Ok not cool with the decision Under Armor made but at the same time I find it funny to read this article about how UA is tanking and somehow it’s because of this. First off they are a $5billion company so $14,000,000 Hunter (all though is a big number) would not impact them to the level of “tanking” . Just listen to the stock video attached they are still having big growth and is a good look term stock to invest in. Again I don’t think they should have caved but let’s not write articles that make it sound like we have this huge amount of power. Let’s just get out and enjoy it!

    • wtsane February 6, 2017, 11:30 am

      Respectfully, the total worth of a company has only a very tangential relationship with the bottom line, and $14,000,000.00 (cash sales) can have a HUGE impact on a quarterly bottom line, which can cause earnings reports to be off, and stockholders to sell, which in turn causes share prices to drop. This in turn cuts in the valuation of the company (that $5 Billion you were talking about) which in turn dries up capital for development of production lines and marketing. This can become a cycle once started, and the copyright offices of America are full of logos of companies which went out of their way to alienate their customer base.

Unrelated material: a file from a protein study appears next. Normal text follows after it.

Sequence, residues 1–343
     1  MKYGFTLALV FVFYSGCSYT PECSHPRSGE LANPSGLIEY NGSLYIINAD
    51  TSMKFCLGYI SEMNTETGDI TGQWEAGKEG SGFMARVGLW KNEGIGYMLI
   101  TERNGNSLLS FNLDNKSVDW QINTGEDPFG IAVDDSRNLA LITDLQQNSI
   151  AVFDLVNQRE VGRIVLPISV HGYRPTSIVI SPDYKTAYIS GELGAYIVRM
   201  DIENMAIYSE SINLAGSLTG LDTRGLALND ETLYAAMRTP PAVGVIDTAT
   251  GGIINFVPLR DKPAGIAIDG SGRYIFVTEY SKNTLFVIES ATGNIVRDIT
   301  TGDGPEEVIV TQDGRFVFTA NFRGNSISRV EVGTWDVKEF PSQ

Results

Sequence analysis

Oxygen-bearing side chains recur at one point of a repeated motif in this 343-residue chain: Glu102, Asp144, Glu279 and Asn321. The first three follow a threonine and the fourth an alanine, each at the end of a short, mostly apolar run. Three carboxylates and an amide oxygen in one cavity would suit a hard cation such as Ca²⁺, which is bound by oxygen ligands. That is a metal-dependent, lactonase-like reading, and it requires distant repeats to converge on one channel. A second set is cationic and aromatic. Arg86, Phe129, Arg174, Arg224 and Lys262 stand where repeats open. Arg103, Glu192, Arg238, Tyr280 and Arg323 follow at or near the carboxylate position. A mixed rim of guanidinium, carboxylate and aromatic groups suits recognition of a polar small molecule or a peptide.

In the present politically charged environment, I consider the current struggle to be a war for the future of the country. UA would have been well served to stay out of it all together, as soldiers and hunters buy a lot more of their products than other demographics. Winging in the face of snowflakes alienates the dominant market, simple as that.